A nameless, shy bus boy in a simple white tunic and black slacks delivered a tumbled, steaming assortment of artisan breads torn into large rustic hunks along with a shallow but wide bowl of olive oil mixed to the point of saturation—an almost paste-like consistency—with fresh grated Romano cheese and a sprinkling of red peppers for a surprising bit of heat.
Wine was selected with recommendations from the sommelier based on menu selections which had been carefully deliberated over and he returned with a bottle of a Mélange Blanc, making great show of presenting the label, inspecting the cork and tasting the wine in small flat silver dish that hung around his neck on a chunky chain like a Mr. T medallion. He poured a splash in Mark’s glass to taste. “I’m sure it’s fine,” Mark murmured but nonetheless lifted the glass, swirled the honey-colored liquid, sniffed and sipped it trying to act as if he knew what he was doing. It was surprisingly complex for a white. He nodded to the man who had waited patiently with the bottle held aloft, supported at the bottom in one hand, his thumb tucked inside the bottle’s punt. Wine was tipped with a gurgle into sparkling large globe shaped glasses and the bottle was set with a rattle into a table-side ice bucket to keep it chilled.
Sue jabbered on excitedly while Mark listened, but he also distracted himself by scanning the crowd for any possible celebs until the waiter arrived with a tray promising to delight and intoxicate the palate. Sue had ordered wonderfully pungent sea scallops arranged on a bed of glistening risotto and a tumble of blanched, garden fresh vegetables hit with a dribble of lemon juice and olive oil. Across from that was a tower of flash fried sweet potato curls dusted with sea salt. Mark’s plate was set before him bearing a pair of pork noisettes bathed in a creamy Calvados sauce with a few slices of caramelized apples tucked under one side and confettied with lemon zest. A bundle of pencil thin asparagus lay on one side wearing a stripe of balsamic reduction as thick and black as molasses. Rounding out his plate was a confit of wild mushrooms—chanterelles, hedgehogs, morels, hen of the woods—dark and moist as the forest floor.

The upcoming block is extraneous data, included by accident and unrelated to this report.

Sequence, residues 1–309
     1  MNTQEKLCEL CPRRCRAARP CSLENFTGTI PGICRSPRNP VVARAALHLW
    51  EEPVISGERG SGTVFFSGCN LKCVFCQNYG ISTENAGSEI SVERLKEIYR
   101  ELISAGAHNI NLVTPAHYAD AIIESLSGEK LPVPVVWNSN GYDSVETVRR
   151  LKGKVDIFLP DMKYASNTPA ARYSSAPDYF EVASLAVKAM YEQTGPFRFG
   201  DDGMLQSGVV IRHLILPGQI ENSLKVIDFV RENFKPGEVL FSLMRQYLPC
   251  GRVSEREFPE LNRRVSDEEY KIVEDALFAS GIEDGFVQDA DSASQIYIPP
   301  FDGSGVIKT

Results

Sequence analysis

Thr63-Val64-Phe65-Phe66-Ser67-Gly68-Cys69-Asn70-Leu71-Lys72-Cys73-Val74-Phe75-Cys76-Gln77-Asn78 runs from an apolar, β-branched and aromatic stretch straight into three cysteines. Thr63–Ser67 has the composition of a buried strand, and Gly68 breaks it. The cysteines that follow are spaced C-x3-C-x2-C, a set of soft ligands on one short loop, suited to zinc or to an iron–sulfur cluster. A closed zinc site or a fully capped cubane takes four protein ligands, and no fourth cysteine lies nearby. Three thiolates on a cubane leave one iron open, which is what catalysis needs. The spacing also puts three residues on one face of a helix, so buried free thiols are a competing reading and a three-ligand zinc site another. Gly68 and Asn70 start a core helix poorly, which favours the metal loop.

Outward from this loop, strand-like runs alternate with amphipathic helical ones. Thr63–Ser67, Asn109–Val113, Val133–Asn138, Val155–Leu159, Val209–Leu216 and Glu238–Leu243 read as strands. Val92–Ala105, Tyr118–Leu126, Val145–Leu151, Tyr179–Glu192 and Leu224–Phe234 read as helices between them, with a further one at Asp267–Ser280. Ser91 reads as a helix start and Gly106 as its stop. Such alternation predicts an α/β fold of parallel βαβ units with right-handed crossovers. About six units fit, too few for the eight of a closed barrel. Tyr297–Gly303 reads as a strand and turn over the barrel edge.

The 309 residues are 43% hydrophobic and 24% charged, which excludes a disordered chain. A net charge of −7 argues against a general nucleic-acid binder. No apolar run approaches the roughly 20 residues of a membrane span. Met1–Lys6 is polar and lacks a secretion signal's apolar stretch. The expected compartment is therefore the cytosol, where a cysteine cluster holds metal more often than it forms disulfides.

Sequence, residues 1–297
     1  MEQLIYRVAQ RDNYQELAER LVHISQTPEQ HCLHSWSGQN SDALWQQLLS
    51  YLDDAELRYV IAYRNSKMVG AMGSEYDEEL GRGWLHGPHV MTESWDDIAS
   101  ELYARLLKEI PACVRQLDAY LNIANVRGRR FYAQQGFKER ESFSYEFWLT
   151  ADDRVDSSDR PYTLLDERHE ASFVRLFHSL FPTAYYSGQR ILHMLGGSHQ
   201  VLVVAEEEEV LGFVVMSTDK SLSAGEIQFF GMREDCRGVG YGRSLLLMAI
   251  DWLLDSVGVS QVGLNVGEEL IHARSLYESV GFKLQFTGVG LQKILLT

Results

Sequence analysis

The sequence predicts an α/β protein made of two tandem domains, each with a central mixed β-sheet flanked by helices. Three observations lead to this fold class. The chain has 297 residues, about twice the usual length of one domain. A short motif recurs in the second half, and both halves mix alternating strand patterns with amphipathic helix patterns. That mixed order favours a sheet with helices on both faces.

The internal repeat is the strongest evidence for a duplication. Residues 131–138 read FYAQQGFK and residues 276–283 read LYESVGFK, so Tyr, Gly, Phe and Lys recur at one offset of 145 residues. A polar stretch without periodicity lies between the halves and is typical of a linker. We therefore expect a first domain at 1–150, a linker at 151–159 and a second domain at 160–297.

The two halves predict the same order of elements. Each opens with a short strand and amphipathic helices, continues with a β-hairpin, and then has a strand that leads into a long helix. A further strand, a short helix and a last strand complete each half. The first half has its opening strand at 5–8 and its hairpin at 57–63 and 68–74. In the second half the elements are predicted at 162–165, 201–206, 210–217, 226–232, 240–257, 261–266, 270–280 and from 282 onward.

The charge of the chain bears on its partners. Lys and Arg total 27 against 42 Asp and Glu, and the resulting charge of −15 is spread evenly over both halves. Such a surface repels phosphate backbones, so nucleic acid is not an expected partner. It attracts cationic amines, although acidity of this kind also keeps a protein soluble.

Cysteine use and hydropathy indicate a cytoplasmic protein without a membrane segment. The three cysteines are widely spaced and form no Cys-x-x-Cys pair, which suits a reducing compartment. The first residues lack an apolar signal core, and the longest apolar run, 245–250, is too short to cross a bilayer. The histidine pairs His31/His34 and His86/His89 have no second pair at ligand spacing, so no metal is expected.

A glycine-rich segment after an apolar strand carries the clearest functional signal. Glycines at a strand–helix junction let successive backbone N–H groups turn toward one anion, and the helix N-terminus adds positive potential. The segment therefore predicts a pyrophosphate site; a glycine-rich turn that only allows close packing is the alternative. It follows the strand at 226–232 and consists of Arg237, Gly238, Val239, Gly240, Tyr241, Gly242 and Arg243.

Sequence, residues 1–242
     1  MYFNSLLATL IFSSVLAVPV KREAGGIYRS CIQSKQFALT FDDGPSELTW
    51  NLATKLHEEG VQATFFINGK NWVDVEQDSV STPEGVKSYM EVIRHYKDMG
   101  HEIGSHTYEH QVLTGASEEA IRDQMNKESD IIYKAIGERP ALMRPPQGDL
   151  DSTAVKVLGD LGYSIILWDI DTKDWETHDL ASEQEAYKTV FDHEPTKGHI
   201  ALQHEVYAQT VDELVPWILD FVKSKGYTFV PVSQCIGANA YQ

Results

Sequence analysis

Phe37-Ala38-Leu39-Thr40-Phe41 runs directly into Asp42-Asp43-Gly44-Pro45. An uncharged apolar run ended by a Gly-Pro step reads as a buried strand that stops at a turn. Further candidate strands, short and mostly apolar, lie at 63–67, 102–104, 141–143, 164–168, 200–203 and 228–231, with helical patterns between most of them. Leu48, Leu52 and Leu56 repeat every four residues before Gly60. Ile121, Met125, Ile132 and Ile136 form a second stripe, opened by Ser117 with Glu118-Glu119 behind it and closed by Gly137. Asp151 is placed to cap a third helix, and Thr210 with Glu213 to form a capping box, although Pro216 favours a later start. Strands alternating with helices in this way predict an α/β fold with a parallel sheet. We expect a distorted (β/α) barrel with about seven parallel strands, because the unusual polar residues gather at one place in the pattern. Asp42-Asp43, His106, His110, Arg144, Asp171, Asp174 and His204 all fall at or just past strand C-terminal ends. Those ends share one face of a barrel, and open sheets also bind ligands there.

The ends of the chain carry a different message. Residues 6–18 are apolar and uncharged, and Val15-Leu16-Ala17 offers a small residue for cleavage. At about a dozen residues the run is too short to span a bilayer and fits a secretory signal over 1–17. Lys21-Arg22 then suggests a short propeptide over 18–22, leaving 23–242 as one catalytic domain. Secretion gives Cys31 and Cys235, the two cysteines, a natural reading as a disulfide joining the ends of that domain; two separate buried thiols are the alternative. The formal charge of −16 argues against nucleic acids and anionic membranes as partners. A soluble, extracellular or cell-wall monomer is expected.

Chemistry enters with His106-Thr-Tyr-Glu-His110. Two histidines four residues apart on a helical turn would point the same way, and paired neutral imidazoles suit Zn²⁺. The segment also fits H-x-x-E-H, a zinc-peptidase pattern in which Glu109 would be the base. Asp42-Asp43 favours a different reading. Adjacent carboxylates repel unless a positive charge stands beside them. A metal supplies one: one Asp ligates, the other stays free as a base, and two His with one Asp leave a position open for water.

The waiter pulled a nearly two-foot long wooden mill from the tray to his left and was about to ask if either wanted fresh ground pepper when his eyes whinged up into contorted slits and he suddenly let lose an unexpectedly loud, sharp blast. Mark felt the spray of spittle hit his face and found himself looking with astonishment through glasses now dotted with a Seattle-like drizzle of aspirated mucus compliments of the waiter. His meal, similarly blanketed by the sneeze, was slowly and silently removed from the table as the waiter choked out a horrified apology and the promise of a replacement ASAP. Mark dropped his head and a silent tear rolled down his cheek as his stomach simultaneously registered its regret with a very vocal rumble.